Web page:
Tokyo Olympics 2020

IMG_0415I visited London several times in the years leading up to their Olympic Games and recall seeing souvenirs and signage all over town promoting the big event. So I was expecting more of the same in Tokyo this month and wanted to at least buy a T-shirt. This was not the case at all. In fact, it seemed very challenging to see any mention of the 2020 games. Then one afternoon, while walking through Shinjuku, we stumbled upon a great find and a place I recommend you visit if looking for info on the upcoming Olympic Games in Tokyo.

Many guide books recommend visiting the Tokyo Metropolitan Government Building in Shijuku for a great view of the city and best of all… for free. These are two similar skyscrapers that house many of Tokyo’s government offices. Building 2 has an elevator that is used to go to the top floor observation deck. You will need to queue for a few minutes and go through security/bag check before going up on the elevator. The views at the top are about 180 degrees with Tokyo Sky Tree, Roppongi and many notable buildings clearly visible. There is a restaurant at the top that seemed to have additional views, but it was closed when we were there.

The Olympic find is on the first floor in the lobby, which I suggest you visit before or after your trip to the top. This happens to be the headquarters of the Tokyo Olympic Committee. You will see displays featuring the actual Olympic flag and the Olympic torches from the Rio Olympics. There is information and brochures regarding the upcoming games and the Paralympic Games that Tokyo is also hosting. You will also see videos and history of the Olympics. No souvenirs or T-shirts though! I was really pleased to stumble on this as there was no other 2020 Olympic reference during our trip to Japan.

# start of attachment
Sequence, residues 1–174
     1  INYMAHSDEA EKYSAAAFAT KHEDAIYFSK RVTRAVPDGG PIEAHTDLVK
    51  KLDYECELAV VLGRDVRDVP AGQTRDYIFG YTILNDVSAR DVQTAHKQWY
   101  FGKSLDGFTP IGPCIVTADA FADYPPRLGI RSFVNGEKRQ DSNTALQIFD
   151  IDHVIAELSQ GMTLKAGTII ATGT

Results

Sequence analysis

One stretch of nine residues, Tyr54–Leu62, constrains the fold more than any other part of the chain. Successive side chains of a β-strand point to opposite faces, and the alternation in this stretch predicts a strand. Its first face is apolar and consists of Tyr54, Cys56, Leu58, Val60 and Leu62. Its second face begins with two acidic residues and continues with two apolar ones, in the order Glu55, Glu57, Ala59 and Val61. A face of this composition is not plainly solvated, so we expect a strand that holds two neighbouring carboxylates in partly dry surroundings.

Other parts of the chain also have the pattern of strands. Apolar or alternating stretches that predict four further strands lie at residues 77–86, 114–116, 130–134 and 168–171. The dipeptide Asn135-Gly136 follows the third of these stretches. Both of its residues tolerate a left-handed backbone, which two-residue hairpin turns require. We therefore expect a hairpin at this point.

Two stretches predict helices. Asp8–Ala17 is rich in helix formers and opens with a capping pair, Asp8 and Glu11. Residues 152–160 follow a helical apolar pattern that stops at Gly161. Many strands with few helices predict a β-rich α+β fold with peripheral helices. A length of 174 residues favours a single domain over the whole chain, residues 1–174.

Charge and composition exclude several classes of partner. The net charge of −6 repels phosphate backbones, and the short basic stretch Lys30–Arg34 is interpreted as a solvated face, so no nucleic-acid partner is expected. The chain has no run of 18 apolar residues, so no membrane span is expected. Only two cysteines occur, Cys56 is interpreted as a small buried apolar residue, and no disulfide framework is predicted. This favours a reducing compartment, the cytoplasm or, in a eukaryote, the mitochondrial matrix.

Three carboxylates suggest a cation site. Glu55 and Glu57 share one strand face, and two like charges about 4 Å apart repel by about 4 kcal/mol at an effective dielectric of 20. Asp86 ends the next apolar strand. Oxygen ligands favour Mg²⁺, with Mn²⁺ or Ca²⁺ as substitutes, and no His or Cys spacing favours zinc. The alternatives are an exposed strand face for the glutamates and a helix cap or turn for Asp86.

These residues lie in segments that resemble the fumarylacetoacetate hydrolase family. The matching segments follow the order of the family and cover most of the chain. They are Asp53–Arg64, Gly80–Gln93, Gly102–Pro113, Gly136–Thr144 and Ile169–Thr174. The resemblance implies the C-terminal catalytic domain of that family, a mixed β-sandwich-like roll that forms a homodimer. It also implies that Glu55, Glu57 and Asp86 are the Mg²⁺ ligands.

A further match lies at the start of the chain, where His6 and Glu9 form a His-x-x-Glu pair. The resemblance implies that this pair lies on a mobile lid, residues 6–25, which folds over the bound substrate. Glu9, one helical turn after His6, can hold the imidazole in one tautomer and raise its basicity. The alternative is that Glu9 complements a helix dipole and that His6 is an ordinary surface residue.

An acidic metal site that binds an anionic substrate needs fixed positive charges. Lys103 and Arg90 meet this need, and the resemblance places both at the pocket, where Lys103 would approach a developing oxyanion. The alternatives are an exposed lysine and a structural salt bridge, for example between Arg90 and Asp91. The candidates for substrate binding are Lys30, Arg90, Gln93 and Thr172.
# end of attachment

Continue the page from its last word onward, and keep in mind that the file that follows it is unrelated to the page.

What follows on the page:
We also learned of the impact the 1964 Olympic Games had on Tokyo. It was significant. The 1964 games were less than 20 years after the complete destruction of Tokyo and many parts of Japan during WW2. The Olympic Games were their coming out party and they delivered. The 1964 Olympic village was set up in Yoyogi Park and Shibuya. The games really put Shibuya on the map and this is one of the most visited areas of town today. The city thrived following the games and emerged as one of the world’s greatest cities. I believe that the 2020 Olympics will have a similar positive impact on Tokyo and Japan, where tourism will skyrocket compared to today.

When visiting the world-famous Tsukiji fish market, we learned that it is closing soon and relocating. Why? They are turning the inner market into the Olympic media center in preparation for the 2020 games. During a tour of the fish market, our guide spoke with several of the workers there and translated that they were very unhappy with the upcoming move. One of the main reasons is how well the air flow works in the fish market. This is a massive market with tons and tons of fish and yet it does not smell fishy at all. Perhaps the new market will be even better. If visiting Tokyo soon, make sure to visit the old fish market while you still can.




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